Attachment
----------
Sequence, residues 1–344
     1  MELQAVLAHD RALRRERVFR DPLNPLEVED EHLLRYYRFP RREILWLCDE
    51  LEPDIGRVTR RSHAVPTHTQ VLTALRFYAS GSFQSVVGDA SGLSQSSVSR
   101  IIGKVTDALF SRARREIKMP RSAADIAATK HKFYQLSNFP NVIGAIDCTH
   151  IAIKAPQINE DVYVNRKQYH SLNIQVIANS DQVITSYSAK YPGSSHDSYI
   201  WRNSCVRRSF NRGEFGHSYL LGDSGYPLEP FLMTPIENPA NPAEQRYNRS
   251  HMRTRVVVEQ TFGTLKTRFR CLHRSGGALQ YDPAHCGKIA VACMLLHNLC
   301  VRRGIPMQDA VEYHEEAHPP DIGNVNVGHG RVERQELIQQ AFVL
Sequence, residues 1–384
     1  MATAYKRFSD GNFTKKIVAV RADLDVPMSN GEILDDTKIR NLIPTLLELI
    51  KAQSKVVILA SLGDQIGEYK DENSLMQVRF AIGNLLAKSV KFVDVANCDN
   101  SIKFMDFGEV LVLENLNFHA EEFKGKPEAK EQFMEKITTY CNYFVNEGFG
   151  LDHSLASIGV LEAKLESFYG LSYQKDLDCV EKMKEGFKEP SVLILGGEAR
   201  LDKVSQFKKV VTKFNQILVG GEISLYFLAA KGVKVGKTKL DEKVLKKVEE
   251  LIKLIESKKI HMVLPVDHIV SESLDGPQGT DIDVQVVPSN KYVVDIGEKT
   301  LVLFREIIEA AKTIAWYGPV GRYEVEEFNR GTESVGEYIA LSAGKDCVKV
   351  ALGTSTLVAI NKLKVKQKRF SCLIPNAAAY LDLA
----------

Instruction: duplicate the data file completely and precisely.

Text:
Sequence, residues 1–344
     1  MELQAVLAHD RALRRERVFR DPLNPLEVED EHLLRYYRFP RREILWLCDE
    51  LEPDIGRVTR RSHAVPTHTQ VLTALRFYAS GSFQSVVGDA SGLSQSSVSR
   101  IIGKVTDALF SRARREIKMP RSAADIAATK HKFYQLSNFP NVIGAIDCTH
   151  IAIKAPQINE DVYVNRKQYH SLNIQVIANS DQVITSYSAK YPGSSHDSYI
   201  WRNSCVRRSF NRGEFGHSYL LGDSGYPLEP FLMTPIENPA NPAEQRYNRS
   251  HMRTRVVVEQ TFGTLKTRFR CLHRSGGALQ YDPAHCGKIA VACMLLHNLC
   301  VRRGIPMQDA VEYHEEAHPP DIGNVNVGHG RVERQELIQQ AFVL
Sequence, residues 1–384
     1  MATAYKRFSD GNFTKKIVAV RADLDVPMSN GEILDDTKIR NLIPTLLELI
    51  KAQSKVVILA SLGDQIGEYK DENSLMQVRF AIGNLLAKSV KFVDVANCDN
   101  SIKFMDFGEV LVLENLNFHA EEFKGKPEAK EQFMEKITTY CNYFVNEGFG
   151  LDHSLASIGV LEAKLESFYG LSYQKDLDCV EKMKEGFKEP SVLILGGEAR
   201  LDKVSQFKKV VTKFNQILVG GEISLYFLAA KGVKVGKTKL DEKVLKKVEE
   251  LIKLIESKKI HMVLPVDHIV SESLDGPQGT DIDVQVVPSN KYVVDIGEKT
   301  LVLFREIIEA AKTIAWYGPV GRYEVEEFNR GTESVGEYIA LSAGKDCVKV
   351  ALGTSTLVAI NKLKVKQKRF SCLIPNAAAY LDLA